Hebrews 3

Faithfulness and Rebellion

Our Confession

Consider the Apostle and High Priest of our confession, Jesus (Hebrews 3:1).

The word “confession” (Gk. homologia) should be understood as a statement of allegiance, a profession of faith. Since the time of the early church, one of the means by which Christians have confessed their faith is the recitation and affirmation of creeds. This ostracon is inscribed with the Niceno-Constantinopolitan Creed, traditionally thought to have been articulated at the First Council of Constantinople in AD 381. It is written in Greek.

Jesus's Faithfulness

He was faithful to the One that appointed Him, just as Moses was in all his house (Hebrews 3:2).

In this section, the author compares Jesus’s faithfulness to that of Moses. This photo shows an ancient olive tree in the Garden of Gethsemane, where Jesus demonstrated His faithfulness as He prayed, “Not my will, but yours, be done” (Luke 22:42). Several olive trees in this area have been dated by radiocarbon to about AD 1100, making them some of the oldest broad-leaved plants in the world.

Israel's Rebellion

Do not harden your hearts, as in the rebellion, as in the day of testing in the wilderness (Hebrews 3:8).

The Israelites were denied entrance into the land after their rebellion at Kadesh Barnea, although this event is not specifically mentioned in Psalm 95. Psalm 95 cites instead the Israelites’ first and final rebellions in the wilderness. The idea is that God swore they would not enter His rest (the Promised Land) but would wander in the wilderness until the entire generation had passed away. This photograph of Kadesh Barnea was provided by Gary Pratico.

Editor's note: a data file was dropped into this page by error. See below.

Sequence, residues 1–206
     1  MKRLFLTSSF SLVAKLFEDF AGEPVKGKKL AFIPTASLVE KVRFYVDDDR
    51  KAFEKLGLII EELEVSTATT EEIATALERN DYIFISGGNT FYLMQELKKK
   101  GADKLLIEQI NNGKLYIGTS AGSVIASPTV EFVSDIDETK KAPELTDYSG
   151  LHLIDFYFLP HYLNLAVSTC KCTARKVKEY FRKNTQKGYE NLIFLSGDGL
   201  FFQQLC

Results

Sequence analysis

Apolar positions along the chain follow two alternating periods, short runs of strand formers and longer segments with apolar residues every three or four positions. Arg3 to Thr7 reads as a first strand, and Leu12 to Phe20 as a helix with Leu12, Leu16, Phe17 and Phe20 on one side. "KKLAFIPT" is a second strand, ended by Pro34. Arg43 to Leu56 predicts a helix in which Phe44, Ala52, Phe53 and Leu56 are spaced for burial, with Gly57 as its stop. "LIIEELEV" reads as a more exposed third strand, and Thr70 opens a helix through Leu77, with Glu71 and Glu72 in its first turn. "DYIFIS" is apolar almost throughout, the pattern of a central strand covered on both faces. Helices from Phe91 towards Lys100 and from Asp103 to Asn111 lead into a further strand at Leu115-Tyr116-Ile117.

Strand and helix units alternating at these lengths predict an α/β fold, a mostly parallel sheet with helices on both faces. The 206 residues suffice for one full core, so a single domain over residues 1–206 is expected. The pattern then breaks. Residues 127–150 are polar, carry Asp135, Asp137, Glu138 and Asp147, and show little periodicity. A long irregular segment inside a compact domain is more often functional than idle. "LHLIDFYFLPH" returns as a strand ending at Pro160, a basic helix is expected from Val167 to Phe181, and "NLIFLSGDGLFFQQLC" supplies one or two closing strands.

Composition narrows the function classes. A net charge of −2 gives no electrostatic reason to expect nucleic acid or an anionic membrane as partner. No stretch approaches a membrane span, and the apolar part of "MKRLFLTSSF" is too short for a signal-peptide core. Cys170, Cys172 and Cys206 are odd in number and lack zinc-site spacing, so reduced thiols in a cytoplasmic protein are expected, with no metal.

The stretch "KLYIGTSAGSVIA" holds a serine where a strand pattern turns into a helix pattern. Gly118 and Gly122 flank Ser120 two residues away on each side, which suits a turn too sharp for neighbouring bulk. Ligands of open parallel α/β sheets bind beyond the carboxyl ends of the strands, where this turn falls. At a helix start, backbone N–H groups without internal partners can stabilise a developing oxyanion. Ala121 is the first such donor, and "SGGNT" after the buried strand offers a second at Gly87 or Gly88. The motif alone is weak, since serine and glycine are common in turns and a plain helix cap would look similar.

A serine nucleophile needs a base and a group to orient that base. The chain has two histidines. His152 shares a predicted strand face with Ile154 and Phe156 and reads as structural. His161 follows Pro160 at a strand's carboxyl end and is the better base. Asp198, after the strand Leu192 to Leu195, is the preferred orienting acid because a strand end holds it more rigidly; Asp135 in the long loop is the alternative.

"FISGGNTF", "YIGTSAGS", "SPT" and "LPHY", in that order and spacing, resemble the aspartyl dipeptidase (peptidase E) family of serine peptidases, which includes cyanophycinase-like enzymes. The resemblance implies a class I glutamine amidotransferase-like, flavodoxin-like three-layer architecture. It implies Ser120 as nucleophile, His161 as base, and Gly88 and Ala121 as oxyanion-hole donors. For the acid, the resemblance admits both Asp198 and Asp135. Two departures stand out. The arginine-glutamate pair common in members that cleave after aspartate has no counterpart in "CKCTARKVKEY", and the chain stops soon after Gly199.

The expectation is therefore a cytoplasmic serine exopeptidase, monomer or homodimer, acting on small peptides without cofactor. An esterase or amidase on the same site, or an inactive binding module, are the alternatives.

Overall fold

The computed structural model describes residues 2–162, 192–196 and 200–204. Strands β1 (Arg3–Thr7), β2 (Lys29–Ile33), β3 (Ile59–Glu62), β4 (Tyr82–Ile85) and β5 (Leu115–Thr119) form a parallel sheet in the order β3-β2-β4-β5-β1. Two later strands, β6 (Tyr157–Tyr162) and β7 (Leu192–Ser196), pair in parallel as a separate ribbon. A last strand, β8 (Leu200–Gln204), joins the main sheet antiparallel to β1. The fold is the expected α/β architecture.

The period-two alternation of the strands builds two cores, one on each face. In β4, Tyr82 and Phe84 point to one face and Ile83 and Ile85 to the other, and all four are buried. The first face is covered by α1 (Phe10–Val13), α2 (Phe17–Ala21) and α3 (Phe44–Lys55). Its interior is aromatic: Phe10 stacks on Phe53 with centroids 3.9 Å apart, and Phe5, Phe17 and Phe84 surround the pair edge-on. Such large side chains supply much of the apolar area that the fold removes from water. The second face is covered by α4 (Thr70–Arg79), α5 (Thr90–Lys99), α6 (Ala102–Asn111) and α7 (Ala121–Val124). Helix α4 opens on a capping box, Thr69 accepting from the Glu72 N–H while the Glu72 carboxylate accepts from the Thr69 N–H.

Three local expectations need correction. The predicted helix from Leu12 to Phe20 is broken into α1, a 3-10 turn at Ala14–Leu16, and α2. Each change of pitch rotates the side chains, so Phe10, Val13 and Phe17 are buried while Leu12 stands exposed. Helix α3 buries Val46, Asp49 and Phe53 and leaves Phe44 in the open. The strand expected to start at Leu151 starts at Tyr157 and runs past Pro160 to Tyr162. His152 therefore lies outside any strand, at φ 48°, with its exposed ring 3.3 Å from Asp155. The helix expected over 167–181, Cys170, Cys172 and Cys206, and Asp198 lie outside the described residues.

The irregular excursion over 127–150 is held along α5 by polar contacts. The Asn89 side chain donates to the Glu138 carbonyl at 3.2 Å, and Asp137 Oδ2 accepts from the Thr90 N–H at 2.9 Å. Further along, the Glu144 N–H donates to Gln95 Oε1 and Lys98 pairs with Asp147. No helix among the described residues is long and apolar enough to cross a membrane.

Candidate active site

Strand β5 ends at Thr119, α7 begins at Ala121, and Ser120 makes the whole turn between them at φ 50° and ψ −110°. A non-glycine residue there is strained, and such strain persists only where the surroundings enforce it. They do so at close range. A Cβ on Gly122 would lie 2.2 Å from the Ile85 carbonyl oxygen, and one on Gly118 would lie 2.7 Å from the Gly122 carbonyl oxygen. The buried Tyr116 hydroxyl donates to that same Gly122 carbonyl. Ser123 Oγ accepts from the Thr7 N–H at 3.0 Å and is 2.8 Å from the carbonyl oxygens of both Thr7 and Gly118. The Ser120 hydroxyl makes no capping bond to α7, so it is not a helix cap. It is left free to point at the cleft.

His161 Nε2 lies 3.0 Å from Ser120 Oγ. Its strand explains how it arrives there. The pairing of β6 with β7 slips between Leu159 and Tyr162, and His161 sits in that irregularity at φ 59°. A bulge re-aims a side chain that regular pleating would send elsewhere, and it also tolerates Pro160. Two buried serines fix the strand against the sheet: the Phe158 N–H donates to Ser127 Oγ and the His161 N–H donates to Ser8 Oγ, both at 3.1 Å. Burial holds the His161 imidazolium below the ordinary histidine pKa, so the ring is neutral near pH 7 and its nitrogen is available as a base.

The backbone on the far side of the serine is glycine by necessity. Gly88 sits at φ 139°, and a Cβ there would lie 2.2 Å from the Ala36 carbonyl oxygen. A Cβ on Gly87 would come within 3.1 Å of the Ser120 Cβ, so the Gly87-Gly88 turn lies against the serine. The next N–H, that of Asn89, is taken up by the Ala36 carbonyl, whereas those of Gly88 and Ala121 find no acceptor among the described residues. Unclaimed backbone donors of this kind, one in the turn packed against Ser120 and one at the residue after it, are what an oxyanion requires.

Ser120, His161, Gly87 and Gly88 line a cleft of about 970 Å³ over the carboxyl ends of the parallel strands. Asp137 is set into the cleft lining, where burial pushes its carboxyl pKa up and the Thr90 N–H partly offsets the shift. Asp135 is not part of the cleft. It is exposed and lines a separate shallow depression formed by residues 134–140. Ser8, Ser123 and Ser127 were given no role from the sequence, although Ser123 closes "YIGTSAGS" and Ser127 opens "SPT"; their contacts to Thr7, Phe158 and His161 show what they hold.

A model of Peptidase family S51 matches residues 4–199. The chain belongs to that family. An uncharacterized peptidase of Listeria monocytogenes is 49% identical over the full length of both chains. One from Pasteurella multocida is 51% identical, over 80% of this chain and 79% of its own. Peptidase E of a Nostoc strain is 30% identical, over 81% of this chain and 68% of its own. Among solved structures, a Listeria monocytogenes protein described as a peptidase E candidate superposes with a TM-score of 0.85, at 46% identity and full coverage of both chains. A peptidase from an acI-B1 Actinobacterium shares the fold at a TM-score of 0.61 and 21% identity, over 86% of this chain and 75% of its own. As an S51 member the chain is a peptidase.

The Wilderness

Where your fathers tried me by testing me (Hebrews 3:9).

Exodus 16 records the grumbling of the Israelites and their desire to return to the food they ate in Egypt. God provided manna for them from that time until the end of their wandering in the wilderness. Exodus 16:1 specifies the Wilderness of Sin as the place of the event, and this photo illustrates the general character and topography of the region. The location shown here is in or near the wilderness of Sin.

Consequences of Unbelief

So we see that they were not able to enter because of unbelief (Hebrews 3:19).

Even Moses was not able to enter the Promised Land because of his disobedience. He went as far as the Plains of Moab. From there he could look across into Canaan, but he could not enter it himself. This picture shows the sunset over Israel from the Plains of Moab, a view Moses would have had in his dying days.

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